THE PARIS Agreement on climate change, which India ratified on Sunday, is close to becoming a reality now. In terms of its scope and impact, it is probably the most far-reaching international agreement ever. From here on, countries would strive to make every economic activity, anywhere in the world, compliant to climate change objectives. In India, as in the rest of the world, what this will lead to is change in where we live, how we travel, what we eat or wear, and even what we do in our personal and professional spaces. But while all of these may not be visible to the common people, some certainly will. So what will change, and what could?
1. Solar & wind energy
Solar photovoltaic panels and, to a lesser extent, large wind mills will become one of the most familiar sights representing the fight against climate change. India plans to install as much as 100 GW of electricity generation capacity through solar energy by 2022, of which 40 GW would be through individual rooftop systems. India had initially announced plans for setting up 60 GW of wind energy by 2022. A number of villages are already powered solely through solar or wind energy. But decentralised production and consumption of electricity, through solar, wind, biogas or small hydro initiatives, is likely to become more prevalent as efforts are made to take electricity to 200 million people still in the dark.
2. Home appliances
This shift is already underway. Bringing in greater efficiency in the way energy is produced and consumed is crucial to fulfilling one of India’s main commitments. Under the Paris Agreement, India has promised to reduce emissions intensity, or the amount of greenhouse gas emissions per unit of GDP, by 33 to 35 per cent by 2030 as compared to 2005 levels. A quarter of India’s total electricity is consumed at homes. So far, more than 3 crore households have switched over to energy efficient LED bulbs, according to government figures. More than 16.5 crore LED bulbs are in use in these houses. Electrical appliances, including air conditioners, refrigerators and television have become far more efficient.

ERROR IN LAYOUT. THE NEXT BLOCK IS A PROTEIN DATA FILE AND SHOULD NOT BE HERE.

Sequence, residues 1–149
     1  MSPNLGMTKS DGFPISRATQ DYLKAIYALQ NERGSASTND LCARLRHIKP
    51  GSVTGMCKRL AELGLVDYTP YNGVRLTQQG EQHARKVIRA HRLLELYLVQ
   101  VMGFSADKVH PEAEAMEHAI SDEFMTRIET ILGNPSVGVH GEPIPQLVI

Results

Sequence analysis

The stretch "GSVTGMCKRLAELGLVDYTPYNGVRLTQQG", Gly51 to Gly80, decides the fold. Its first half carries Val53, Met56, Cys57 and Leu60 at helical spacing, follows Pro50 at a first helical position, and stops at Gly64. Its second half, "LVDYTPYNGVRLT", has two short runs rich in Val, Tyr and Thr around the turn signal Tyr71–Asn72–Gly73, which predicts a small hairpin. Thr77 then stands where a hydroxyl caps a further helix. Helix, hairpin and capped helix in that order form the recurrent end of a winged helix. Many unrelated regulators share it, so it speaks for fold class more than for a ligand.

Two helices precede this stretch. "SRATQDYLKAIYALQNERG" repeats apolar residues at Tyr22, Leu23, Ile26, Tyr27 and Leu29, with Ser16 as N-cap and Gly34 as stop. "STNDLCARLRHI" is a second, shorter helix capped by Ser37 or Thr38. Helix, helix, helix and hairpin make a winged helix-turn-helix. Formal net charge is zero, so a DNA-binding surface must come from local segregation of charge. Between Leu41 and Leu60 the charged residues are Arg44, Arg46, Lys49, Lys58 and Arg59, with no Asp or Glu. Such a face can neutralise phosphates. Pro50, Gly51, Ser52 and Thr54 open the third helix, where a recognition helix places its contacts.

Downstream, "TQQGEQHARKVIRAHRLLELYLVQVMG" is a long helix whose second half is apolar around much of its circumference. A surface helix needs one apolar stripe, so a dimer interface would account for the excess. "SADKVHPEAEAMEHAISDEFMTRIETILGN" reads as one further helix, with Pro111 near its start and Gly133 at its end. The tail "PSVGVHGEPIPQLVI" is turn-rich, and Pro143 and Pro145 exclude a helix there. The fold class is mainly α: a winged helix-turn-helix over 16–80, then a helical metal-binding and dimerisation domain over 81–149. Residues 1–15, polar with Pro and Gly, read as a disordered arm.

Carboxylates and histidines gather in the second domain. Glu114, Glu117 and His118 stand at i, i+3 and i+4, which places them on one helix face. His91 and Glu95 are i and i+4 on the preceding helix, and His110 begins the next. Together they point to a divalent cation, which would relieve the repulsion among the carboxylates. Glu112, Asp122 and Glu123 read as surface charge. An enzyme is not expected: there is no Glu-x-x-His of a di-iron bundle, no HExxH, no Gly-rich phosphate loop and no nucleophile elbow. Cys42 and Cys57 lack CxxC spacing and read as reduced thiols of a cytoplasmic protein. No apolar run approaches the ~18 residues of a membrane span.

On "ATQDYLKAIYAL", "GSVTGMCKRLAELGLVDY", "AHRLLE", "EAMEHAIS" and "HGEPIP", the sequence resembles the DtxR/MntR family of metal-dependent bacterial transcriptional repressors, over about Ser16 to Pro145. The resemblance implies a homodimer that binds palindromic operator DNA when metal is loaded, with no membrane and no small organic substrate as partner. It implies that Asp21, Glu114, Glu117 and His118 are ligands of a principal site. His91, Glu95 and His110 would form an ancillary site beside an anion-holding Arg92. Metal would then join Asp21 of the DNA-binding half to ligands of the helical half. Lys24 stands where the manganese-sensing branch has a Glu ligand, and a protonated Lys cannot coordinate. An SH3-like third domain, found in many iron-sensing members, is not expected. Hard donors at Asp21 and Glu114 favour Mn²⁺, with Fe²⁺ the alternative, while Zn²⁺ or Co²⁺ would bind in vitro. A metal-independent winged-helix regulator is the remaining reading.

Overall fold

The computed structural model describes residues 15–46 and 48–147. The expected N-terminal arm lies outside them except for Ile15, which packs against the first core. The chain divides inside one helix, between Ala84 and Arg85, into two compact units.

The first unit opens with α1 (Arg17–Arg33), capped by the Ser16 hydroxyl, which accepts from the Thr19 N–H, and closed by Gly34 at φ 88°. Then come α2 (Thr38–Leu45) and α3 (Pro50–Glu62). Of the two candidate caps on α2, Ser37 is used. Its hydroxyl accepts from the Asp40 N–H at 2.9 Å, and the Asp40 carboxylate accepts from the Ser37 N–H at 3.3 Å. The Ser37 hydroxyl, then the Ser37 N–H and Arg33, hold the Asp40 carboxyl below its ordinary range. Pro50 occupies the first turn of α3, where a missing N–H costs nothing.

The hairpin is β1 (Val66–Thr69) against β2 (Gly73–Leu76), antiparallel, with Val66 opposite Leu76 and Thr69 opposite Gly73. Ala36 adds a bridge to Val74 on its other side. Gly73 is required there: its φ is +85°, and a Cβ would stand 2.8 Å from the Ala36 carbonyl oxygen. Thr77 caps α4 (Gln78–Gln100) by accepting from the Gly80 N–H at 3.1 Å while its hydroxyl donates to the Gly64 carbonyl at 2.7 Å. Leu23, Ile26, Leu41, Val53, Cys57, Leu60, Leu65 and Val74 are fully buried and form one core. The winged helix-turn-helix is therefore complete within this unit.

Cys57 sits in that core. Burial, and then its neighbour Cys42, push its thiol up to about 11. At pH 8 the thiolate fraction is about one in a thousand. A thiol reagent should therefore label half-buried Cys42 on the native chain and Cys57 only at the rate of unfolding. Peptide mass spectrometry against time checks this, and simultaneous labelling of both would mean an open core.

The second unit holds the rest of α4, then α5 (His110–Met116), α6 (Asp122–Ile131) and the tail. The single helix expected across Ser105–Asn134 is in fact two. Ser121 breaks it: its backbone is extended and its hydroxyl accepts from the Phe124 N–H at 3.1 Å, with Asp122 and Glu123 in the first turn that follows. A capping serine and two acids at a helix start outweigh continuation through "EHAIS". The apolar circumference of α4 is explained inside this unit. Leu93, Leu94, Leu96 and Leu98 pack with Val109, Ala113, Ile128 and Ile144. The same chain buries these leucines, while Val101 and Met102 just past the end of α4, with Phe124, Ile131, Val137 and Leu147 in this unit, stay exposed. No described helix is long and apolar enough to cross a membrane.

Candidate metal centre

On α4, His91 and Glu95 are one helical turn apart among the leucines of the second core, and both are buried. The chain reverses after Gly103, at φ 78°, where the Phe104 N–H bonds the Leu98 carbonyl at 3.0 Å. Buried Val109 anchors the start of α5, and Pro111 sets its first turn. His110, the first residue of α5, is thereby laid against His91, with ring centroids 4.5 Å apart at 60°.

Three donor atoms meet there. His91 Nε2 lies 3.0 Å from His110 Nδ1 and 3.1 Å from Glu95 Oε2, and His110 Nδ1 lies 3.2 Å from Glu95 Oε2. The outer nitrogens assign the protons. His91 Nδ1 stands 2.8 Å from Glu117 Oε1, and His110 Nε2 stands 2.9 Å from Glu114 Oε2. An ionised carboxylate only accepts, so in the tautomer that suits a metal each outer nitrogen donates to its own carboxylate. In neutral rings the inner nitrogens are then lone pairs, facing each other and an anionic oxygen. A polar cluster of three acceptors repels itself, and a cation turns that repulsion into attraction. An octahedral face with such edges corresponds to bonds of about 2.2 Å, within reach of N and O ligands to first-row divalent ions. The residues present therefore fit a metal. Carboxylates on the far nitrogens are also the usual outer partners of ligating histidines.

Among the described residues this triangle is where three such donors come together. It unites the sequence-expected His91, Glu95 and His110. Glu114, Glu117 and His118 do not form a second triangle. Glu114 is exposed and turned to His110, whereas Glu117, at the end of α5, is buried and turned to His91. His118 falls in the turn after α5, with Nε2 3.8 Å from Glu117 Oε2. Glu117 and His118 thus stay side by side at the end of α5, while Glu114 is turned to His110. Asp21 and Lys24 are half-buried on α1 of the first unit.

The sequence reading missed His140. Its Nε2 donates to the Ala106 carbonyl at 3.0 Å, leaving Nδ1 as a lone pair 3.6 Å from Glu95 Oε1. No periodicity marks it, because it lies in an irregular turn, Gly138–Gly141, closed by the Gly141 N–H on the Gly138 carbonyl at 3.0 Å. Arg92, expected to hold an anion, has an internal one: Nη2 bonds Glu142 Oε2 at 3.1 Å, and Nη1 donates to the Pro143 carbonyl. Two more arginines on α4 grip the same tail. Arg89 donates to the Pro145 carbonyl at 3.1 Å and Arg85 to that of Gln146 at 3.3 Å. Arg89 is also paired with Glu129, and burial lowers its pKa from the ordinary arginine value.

3. Private & public transport
Electric cars are slowly marking their presence and battery-operated e-rickshaws have become popular in many cities. Now, stricter fuel efficiency norms will be put in place, with India advancing the implementation of Bharat VI pollution norms to 2020 instead of 2022. Besides, Metro tracks coming up in various cities across the country that will resolve, to a large extent, not just the problem of mass urban transport but also pollution caused by older forms of transport.
4. More trees
India has promised to create an additional carbon sink — system capable of absorbing carbon dioxide (CO2) from the atmosphere — of 2.5 to 3 billion tonnes of CO2-equivalent through forest and tree cover by 2030. That is an ambitious target. Just over 24 per cent of India’s geographical area is currently under forest and tree cover, and the stated objective is to take it to 33 per cent. However, it will be difficult to rapidly expand the forest cover, especially because more forest area will be cut for developmental or industrial requirements. As a result, planting of trees would be seen as an alternative. Besides, with close to half of India’s forests of very low quality, transforming them would lead to an increase in carbon sink. In the previous Parliament session, the government managed to get the landmark CAMPA (Compensatory Afforestation Fund Management and Planning Authority) bill passed to make up for every piece of forest destroyed for any reason. Thousands of crores of rupees are available for afforestation drives through CAMPA, or Green India Mission. The government has also spoken about planting trees along the entire stretch of highways and railways.
5. Smarter buildings
Projections show that 70 per cent of the infrastructure that India will have in 2030 is still to be built, including new cities and buildings. “Smart” and “net zero” buildings are becoming the new buzzwords, though a vast majority of new constructions are still of poor quality. As an example, the new building of the Union Environment Ministry, which came up three years ago, was constructed to be net zero, ie., the total amount of energy used on an annual basis is roughly equal to the amount of renewable energy created on the site. What will also become more common is the rating of buildings on green parameters, with incentives or penalties on electricity or water bills. Already, the Green Rating for Integrated Habitat Assessment (GRIHA), endorsed by the Ministry of New & Renewable Energy, and Leadership in Energy and Environmental Design (LEED), a third-party certification programme, which is one of the most popular green building certification programs used worldwide are fairly well established.
6. And finally, water
Climate change induces a lot of uncertainties in water availability. For a country that is already water-stressed, climate change is an additional urgent reason to reform the way in which water is managed and utilised. Some movements in this direction have already started happening. Free water is likely to be rationed in future. And water for all uses is likely to be priced. There will be no unrestricted rights over groundwater below the land one owns. And industries will be mandated to use only treated water.
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